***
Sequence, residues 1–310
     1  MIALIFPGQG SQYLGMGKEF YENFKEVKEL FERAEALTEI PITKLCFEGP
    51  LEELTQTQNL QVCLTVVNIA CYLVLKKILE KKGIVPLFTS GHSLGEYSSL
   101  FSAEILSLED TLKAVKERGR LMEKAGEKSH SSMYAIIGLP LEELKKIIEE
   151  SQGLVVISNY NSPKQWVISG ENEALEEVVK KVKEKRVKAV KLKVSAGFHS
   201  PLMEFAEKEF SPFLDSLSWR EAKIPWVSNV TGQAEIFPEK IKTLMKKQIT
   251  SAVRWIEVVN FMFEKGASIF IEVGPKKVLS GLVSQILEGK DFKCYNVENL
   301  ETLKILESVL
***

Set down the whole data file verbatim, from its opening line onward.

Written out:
Sequence, residues 1–310
     1  MIALIFPGQG SQYLGMGKEF YENFKEVKEL FERAEALTEI PITKLCFEGP
    51  LEELTQTQNL QVCLTVVNIA CYLVLKKILE KKGIVPLFTS GHSLGEYSSL
   101  FSAEILSLED TLKAVKERGR LMEKAGEKSH SSMYAIIGLP LEELKKIIEE
   151  SQGLVVISNY NSPKQWVISG ENEALEEVVK KVKEKRVKAV KLKVSAGFHS
   201  PLMEFAEKEF SPFLDSLSWR EAKIPWVSNV TGQAEIFPEK IKTLMKKQIT
   251  SAVRWIEVVN FMFEKGASIF IEVGPKKVLS GLVSQILEGK DFKCYNVENL
   301  ETLKILESVL